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post #1 of 5 (permalink) Old 11th April 2007 Thread Starter
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Fuel Efficiency

Has anyone got an answer to this little one?

I have a 2000 Laguna Alize 1.6.

I want to try and find out at what speed (motorway driving) is it the most fuel efficient.

I had assumed that maybe 56mph was the answer as it is always quoted in tests, but I'm not so sure. As I am now doing a lot more motorway driving I want to know what difference in economy I woud get by driving at a steady 70mph and say, 60mph, or the 'mystery speed'.

Any comments welcome.

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post #2 of 5 (permalink) Old 11th April 2007
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Hi there JordyLad, and welcome to the forums.

Good question - the classic 56mph figure was just a benchmark used in the government road testing, and for comparative purposes only.

The most 'efficient' speed will vary from car to car, and even for engine/transmission type, but a general rule of thumb method is;
  • look up your owner's handbook and locate the power characteristics for your specific car.
  • find the maximum torque figure, and what rpm it is developed.
  • if your engine is at that rpm 'sweet spot' in any gear - you are at the most fuel efficient mode that the car has.
The reasoning is simple, use too many revs - then the fuel is being burnt more rapidly than is necessary, change up too early, and you will be forever changing down to maintain progress (remember, every time you change gear, the engine is still using fuel). At the max torque engine speed, you shouldn't have to change down (unless you encounter an obstruction).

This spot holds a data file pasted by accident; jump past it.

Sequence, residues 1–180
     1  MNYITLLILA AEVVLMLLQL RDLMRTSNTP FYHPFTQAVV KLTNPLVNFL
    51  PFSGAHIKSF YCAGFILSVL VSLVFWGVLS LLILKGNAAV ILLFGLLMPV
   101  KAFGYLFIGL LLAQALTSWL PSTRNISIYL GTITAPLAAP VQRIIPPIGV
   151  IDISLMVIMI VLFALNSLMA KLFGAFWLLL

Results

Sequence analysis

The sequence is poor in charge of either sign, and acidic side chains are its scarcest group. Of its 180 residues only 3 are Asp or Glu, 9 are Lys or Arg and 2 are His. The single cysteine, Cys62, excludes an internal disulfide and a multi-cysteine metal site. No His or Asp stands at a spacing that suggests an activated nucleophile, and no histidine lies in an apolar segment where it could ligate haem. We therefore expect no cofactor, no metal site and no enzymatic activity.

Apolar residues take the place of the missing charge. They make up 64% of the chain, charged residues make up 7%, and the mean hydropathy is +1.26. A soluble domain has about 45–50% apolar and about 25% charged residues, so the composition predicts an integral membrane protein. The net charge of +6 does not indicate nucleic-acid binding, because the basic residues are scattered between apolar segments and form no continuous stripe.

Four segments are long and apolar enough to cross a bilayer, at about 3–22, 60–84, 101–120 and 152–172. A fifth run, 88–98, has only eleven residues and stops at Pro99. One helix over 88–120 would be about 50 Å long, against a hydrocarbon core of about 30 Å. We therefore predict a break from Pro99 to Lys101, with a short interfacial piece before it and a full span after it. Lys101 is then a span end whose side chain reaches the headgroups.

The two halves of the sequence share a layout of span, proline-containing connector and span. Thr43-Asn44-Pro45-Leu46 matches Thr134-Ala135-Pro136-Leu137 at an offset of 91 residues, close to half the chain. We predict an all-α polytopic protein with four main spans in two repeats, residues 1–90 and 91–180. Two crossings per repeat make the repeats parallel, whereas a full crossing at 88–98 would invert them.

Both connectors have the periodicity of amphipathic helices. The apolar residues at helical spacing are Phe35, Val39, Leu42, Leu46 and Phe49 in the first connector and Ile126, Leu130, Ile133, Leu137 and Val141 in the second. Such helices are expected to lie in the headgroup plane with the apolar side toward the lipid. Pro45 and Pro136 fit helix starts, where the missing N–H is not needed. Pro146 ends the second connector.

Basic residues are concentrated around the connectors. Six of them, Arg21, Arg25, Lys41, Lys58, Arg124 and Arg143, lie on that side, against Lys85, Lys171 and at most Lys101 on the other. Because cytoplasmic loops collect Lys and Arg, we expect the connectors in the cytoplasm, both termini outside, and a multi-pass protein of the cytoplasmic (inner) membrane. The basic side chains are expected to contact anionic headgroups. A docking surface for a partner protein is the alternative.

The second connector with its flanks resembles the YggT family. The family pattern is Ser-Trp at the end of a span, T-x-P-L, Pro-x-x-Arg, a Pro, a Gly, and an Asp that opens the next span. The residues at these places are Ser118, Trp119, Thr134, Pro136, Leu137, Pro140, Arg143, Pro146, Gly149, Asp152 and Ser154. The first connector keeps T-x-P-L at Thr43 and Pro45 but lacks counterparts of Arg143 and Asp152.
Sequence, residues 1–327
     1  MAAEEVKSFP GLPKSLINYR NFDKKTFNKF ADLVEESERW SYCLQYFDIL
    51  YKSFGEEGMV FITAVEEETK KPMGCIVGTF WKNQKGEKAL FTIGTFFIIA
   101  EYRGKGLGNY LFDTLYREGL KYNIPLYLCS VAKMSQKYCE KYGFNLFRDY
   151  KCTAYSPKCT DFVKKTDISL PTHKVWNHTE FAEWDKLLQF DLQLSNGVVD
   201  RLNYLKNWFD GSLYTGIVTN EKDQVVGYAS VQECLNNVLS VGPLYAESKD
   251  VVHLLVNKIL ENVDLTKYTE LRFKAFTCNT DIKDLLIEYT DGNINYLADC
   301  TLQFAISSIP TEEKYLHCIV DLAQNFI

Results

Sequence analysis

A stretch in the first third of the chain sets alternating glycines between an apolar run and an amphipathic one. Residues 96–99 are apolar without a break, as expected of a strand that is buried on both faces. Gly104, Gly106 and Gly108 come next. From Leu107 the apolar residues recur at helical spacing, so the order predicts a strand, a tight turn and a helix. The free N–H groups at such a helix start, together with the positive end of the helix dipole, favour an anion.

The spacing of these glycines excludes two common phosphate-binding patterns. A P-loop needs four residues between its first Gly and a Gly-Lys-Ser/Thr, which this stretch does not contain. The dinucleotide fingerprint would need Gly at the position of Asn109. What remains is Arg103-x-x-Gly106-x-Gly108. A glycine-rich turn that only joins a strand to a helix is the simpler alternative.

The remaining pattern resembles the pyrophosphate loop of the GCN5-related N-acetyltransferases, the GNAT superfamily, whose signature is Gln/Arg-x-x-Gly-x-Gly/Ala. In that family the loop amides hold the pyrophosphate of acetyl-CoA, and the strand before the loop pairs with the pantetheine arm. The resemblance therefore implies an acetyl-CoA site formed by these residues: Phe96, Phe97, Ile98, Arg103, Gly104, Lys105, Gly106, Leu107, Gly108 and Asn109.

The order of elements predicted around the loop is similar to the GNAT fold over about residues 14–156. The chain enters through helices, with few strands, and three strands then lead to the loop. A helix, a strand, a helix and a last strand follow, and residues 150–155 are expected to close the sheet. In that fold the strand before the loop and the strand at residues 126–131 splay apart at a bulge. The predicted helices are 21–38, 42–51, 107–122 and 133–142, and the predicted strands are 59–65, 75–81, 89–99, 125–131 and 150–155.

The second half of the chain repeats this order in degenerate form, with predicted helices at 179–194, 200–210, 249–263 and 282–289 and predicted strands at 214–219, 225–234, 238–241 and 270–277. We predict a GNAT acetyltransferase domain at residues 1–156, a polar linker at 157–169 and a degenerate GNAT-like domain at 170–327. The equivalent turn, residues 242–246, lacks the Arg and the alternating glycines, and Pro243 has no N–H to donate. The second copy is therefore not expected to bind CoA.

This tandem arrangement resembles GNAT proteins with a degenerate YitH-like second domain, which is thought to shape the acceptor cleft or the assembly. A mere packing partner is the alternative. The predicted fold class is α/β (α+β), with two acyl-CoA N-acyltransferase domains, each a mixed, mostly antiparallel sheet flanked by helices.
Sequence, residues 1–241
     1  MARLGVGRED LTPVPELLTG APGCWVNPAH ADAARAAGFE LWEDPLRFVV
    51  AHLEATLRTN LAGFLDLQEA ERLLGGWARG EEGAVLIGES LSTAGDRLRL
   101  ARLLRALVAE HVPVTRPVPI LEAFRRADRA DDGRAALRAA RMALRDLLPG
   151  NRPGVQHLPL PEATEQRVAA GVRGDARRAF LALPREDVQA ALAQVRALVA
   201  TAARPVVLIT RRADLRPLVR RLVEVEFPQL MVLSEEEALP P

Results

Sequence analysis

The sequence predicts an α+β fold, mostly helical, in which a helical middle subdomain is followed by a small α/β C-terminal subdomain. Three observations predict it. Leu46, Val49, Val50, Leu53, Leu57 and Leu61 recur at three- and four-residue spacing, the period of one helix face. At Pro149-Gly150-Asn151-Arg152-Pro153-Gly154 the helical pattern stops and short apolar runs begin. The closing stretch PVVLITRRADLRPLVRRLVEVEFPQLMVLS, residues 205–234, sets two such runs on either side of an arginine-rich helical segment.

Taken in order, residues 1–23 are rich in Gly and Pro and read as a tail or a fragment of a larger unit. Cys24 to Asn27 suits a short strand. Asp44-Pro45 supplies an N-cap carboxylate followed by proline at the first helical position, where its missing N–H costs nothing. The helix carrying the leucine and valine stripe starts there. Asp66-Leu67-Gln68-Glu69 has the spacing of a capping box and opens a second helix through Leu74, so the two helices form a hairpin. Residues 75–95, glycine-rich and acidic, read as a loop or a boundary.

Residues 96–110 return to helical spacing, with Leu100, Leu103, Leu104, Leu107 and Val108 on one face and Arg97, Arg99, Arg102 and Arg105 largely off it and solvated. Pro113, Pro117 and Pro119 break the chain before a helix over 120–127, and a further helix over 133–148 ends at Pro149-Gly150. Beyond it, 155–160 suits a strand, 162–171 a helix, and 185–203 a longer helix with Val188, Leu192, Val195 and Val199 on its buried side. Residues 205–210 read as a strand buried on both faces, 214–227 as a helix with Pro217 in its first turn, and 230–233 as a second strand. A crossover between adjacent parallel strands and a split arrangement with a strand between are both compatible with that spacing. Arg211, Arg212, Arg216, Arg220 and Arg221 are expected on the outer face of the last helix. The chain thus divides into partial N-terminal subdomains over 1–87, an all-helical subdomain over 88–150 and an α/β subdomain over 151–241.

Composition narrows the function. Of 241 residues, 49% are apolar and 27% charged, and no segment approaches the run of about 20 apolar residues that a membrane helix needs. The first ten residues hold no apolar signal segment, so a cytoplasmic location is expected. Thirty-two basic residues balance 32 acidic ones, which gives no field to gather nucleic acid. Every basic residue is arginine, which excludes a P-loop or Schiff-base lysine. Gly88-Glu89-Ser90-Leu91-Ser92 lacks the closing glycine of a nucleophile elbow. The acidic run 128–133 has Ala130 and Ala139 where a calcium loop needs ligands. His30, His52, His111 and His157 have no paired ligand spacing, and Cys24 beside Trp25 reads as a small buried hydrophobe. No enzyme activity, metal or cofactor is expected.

Hope that helps, try it out and see how you fare.

Best wishes,


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post #3 of 5 (permalink) Old 11th April 2007
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I would say the slowest speed you can do comfortably in top gear will be most efficient.

The faster you go the higher the wind resistance which means more power needed and therefore more fuel.

Lets say a car has 120BHP and can do 120mph top speed, for that car to do 240MPH the car will need 600BHP, speed has only doubled but power required has more than quadroopled.

So roughly speaking you need 4x more power to do 100mph than 50mph (roughly speaking)

So say the difference in MPG between 50 and 60 is 50=50mpg and 60=48mpg, 70 will probably be 44MPG.

Sorry to rant but probably be easier to explain with a graph.

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post #4 of 5 (permalink) Old 11th April 2007
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Hi I have been driving for quite a few years now got licence as soon as i was old enough and now 67 years old i have always found that to keep a car around 3,000 rpm seems to give the best mpg no matter what car i have been driving any one else find any simular experance

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post #5 of 5 (permalink) Old 11th April 2007
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Originally Posted by tomandjo View Post
I would say the slowest speed you can do comfortably in top gear will be most efficient.
I'm inclined to agree with that, though I've heard some people claim that being in a lower gear doesn't harm your fuel economy. Surely you're wasting energy purely by making the pistons go up and down more often than they have to. Or maybe that's just my poor grasp on physics.

I've found noticeable differences between cruising on the motorway at 80, at 73 (which is 70 according to GPS) and again at 70. Each time, there's a marked improvement. I once tried resetting the trip counter in a set of 40mph roadworks and let it lug along in 6th gear at about 42mph on the cruise display (40 on the nail according to GPS.) That's about as slow as you can go in 6th without it complaining and I was getting 80+MPG on the level!

Typically, the car achieves high 40's at my usual motorway cruising speed.

So yes, I'd stick with 'The slower the better as long as the car is in top gear and the engine doesn't feel laboured.'

There's also fuel to be saved in the old trucker's trick of 'draughting' (riding the slipstream of the truck in front.) I've used this trick a few times when I've been low on fuel and too lazy to fill up, and I've managed to get very high 40's out of my old 2.0 IDE that used to struggle to break 30MPG. But draughting is risky, and to get the full effect, you have to seriously compromise your stopping distance. As I said, I've only ever used this as a 'get me home on fumes' measure, and I'm not particularly proud about doing that I'm not recommending that anyone does this habitually to save pennies.
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